Yes, @ kezmusic I think Tamoxifen has definitely had a huge impact on my cognitive function.,and you are right in saying mostly words. I feel so stupid sometimes at work when I absolutely know a word but just can't find it!! Comforting to k ow others have had same problems and experiences. When I got home from GP yesterday i was feeling really flat but feeling mouch more reassured now that it is part of the process and Im not totally losing it!!
    Thanks so much all. Xxx
  • Blossom1961
    Blossom1961 Member Posts: 2,394
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    @Michele B My daughter husband and I play silly guessing games. My daughter says I will never win because I will always forget what I guessed!
  • Blossom1961
    Blossom1961 Member Posts: 2,394
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  • primek
    primek Member Posts: 5,392
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    I attended a lecture this week on 70 being the new 65 from a senior psychi- geriatrician from St vincents hospital. 

    The lrcture was giving stats on dementia and it was astonishing how much higher it appeared in women.

    I asked why that was. I was informed they believe it was related to the estrogen drop after menopause. Of course I asked if higher in women taking  AI but was informed no actual studies on that.

    So...that scared the crap out of me, especially as my grandmother had alzeihmers, my Aunt and my mother was developing it when she passed.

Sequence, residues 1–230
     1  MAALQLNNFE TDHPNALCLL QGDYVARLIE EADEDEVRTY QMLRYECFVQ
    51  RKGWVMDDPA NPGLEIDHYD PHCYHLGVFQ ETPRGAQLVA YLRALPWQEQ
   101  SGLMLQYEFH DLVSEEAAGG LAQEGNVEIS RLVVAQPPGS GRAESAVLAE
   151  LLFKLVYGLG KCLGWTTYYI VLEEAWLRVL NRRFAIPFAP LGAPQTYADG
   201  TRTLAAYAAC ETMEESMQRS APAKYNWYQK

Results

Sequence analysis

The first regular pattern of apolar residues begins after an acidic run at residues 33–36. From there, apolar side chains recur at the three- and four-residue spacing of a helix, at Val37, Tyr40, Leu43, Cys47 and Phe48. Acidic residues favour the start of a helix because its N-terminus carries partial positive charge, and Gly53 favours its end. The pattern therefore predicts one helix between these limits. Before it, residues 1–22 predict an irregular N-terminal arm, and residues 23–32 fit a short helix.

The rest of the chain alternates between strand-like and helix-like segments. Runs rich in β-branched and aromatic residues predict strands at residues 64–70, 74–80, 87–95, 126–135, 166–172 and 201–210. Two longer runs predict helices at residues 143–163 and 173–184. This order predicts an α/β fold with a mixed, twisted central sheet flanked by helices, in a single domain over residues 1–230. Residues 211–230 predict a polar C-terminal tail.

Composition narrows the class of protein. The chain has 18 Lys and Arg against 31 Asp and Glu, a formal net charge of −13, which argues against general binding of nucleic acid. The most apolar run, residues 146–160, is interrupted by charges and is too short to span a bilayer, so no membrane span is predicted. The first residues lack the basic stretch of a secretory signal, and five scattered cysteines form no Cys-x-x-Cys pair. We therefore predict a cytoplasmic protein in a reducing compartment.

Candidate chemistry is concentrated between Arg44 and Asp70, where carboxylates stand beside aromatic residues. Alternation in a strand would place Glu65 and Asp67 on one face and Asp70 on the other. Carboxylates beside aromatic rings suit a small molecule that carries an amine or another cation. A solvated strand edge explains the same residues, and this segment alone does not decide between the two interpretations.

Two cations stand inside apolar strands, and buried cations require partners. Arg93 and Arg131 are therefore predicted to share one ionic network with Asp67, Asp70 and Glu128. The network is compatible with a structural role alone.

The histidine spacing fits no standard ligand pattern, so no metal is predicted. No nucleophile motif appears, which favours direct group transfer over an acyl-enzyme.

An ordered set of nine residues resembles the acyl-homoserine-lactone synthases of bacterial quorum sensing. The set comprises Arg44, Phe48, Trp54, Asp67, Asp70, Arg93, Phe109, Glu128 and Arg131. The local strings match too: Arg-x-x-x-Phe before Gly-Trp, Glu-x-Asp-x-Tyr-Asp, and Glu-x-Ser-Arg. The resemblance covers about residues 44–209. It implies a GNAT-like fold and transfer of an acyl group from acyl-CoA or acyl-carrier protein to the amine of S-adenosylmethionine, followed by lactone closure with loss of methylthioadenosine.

What he did say is what can reduce risk...what can help.

    Exercise...of course.
    Using your brain...study, companionship, puzzles.
    Vitamins. ..E and B
    Ghinko biloba
    And Omega 3 fatty acids.

    So i had started all those things but ghinko and slightly higher dose of E thats not in my mulitivit...but will be looking into trialling it. It can't hurt.
  • Afraser
    Afraser Member Posts: 4,388
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    Grief, one thing after another! Still, 6 years of AIs, 74 this year and OK so far!  Exercise, tick. Cryptic crosswords and sudoku daily, tick. Vitamin B, tick. Diet good on Omega 3 fatty acids, tick. Still working, tick. I'll look at the rest on the list though! 
  • Michele B
    Michele B Member Posts: 136
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    Thanks ladies! Yes, @primek, it also scared crap out of me when G P told me. I remember my dear great grandmother,  she had totally lost the plot but was mid eighties, my mum is 79 and great. I came home and got back into fish oil and b vitamins, have a fairly healthy diet, lots of fruit, veg, fish and limuted red meat. Cholesterol used to be high but was okay on Tamoxifen,  will have to monitor it now i have changed medication as that is another risk factor!!  I have been quite accepting that life is different than it used to be but didn't really think i would be worried about cognitive decline just yet!! Oh well, onward and upward !!!
  • primek
    primek Member Posts: 5,392
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    Oh...and a plant based diet...Mediterranean pretty high up there as spot on. 
  • kmakm
    kmakm Member Posts: 7,974
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    @primek I've been slowly digesting that little nugget of joy all day since popping Dr Google earlier. It really is choose your f*****g poison.